4 Important Tips for Conducting One On One Meetings
It is still surprising to hear about a company that does annual performance reviews – annually. I have worked and consulted with companies like this.
One company I worked for had a very small dedicated HR department and a CEO that stressed how important annual performance reviews were. However almost every manager in that organization only talked about performance during this annual one on one meeting.
Annual performance reviews should be all year. They should be a regular part of every one on one meeting with employees.
Here are four “must haves” for conducting one on one meetings that are guaranteed to improve performance all year. They are simple, but yet very important and effective.
1. Schedule regular one on one meetings. Sounds like a “no duh.” Right? But how often are you conducting regular one on one meetings?
My best advice is to use your calendar application. Go in there right now and set up your next one on one meetings for the rest of the year. 30-60 minutes is most likely plenty of time. I recommend a minimum of every two weeks, but more if you need to.
Send the invite to every employee as well, so it is on their calendar. This helps commit you and them.
2. Create folders. For every employee you are conducting one on one meetings for create a folder. Place your first one on one agenda that you have both agree to in the the folder.
At the top of every agenda should be the employees goals. (see 3 Critical Questions Leaders Must Ask: Improve Employee Goal Success).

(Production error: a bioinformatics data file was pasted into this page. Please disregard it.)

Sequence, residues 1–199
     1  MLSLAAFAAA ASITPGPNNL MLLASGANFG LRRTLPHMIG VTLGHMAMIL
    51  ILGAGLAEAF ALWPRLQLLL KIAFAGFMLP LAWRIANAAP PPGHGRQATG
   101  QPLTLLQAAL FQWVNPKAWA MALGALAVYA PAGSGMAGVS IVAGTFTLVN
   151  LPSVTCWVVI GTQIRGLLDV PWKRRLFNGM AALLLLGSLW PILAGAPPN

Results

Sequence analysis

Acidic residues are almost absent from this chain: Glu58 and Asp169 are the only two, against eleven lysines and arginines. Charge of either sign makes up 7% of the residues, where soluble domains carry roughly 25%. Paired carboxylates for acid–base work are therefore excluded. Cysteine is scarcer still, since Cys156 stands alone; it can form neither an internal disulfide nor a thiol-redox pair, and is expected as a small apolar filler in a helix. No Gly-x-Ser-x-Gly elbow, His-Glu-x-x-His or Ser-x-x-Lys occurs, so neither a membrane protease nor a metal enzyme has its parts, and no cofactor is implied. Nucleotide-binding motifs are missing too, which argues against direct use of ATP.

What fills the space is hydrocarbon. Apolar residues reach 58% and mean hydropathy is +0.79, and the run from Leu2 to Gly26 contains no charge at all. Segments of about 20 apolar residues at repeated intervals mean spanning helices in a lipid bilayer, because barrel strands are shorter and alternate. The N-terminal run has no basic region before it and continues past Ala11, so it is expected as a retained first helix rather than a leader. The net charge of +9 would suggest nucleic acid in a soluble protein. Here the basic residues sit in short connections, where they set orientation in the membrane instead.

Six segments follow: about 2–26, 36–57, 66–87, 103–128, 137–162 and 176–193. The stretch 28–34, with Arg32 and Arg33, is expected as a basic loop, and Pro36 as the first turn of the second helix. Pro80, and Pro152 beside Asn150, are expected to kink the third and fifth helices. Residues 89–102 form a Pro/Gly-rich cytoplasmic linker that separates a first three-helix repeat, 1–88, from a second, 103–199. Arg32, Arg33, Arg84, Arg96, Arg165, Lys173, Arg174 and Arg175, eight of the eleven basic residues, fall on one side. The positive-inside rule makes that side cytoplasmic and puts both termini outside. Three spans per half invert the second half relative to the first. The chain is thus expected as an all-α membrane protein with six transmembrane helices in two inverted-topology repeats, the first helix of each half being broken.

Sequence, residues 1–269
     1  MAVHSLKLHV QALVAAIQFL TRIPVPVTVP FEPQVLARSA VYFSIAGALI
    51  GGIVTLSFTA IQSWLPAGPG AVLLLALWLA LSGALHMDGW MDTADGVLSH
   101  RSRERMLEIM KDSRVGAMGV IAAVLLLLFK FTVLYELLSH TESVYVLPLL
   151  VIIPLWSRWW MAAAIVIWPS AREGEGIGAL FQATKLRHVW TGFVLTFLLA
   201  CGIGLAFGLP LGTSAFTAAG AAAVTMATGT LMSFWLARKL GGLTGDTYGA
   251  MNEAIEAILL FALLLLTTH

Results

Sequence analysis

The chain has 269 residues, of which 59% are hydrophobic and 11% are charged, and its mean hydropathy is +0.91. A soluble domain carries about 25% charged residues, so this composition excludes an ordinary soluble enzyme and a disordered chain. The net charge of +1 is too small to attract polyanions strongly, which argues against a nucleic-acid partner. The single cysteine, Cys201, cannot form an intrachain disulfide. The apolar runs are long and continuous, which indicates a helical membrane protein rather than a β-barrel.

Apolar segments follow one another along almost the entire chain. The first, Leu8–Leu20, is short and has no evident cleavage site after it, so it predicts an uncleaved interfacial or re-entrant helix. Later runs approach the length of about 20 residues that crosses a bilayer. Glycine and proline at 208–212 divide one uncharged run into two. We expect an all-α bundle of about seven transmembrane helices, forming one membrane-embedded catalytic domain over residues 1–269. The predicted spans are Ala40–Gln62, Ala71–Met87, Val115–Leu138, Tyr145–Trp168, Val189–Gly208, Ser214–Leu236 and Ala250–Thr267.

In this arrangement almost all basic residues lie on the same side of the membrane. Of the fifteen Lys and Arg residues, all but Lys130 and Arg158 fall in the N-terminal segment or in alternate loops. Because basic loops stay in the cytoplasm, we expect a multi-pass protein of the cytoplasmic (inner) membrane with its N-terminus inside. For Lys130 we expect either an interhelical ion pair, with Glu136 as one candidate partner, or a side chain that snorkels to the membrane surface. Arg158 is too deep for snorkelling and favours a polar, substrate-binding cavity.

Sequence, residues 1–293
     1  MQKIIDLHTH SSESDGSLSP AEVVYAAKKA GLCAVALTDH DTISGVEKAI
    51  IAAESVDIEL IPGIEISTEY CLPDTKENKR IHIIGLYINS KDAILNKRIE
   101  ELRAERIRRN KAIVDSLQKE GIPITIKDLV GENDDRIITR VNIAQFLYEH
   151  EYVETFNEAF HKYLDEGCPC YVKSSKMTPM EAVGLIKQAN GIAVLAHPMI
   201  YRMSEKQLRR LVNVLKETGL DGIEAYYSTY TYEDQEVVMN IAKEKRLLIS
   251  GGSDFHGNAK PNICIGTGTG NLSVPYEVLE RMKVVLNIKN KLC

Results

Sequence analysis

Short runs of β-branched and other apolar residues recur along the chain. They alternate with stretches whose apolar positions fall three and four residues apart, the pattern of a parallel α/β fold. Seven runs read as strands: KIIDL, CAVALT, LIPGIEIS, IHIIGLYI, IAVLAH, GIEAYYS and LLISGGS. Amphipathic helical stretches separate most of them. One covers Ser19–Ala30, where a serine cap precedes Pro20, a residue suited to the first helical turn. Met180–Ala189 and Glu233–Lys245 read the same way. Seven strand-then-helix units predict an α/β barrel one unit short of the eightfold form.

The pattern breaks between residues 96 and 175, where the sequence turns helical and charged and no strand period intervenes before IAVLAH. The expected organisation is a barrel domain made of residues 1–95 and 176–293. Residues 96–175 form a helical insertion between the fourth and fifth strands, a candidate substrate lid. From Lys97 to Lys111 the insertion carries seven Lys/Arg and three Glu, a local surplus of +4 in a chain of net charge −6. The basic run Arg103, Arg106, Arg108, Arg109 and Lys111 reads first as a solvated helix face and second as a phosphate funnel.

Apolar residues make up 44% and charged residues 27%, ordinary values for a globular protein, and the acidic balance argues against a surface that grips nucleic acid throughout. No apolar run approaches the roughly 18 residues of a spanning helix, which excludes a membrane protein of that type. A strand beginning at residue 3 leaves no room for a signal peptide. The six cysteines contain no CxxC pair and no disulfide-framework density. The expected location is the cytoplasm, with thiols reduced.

Make notes on your agenda as you conduct your one on one meetings. When done with the meeting, insert the new agenda with its notes into the folder and file it away. This is called being organized (wink).
3. Review measurable goals and improve performance. In each one on one meeting, review the progress of each goal the employee has set.
If he or she has fallen short of a goal, then simply ask them to send you in the next day or two what they will do differently to meet the goal. Once you receive that, simply place it in the folder and make a note of it. Another organizing tip (wink and smile this time).
4. Follow Up. At the next one on one meeting with the employee, pull out their folder. Ask whether they made improvement towards the performance goal(s) and what difference it made. It is then important to listen, praise any progress and make any suggestions (if necessary).
Once a manager starts conducting regular one on one meetings with employees, creates plans to improve performance and follows up – performance most likely will improve. It’s all about follow up and accountability.
One of the best things about it is their jaw won’t hit the floor when you talk to them about their performance at the end of the year.
How do you manage and conduct one on one meetings? What tips might you have that help the rest of us?
Other related helpful posts to help you as a manager and leader:
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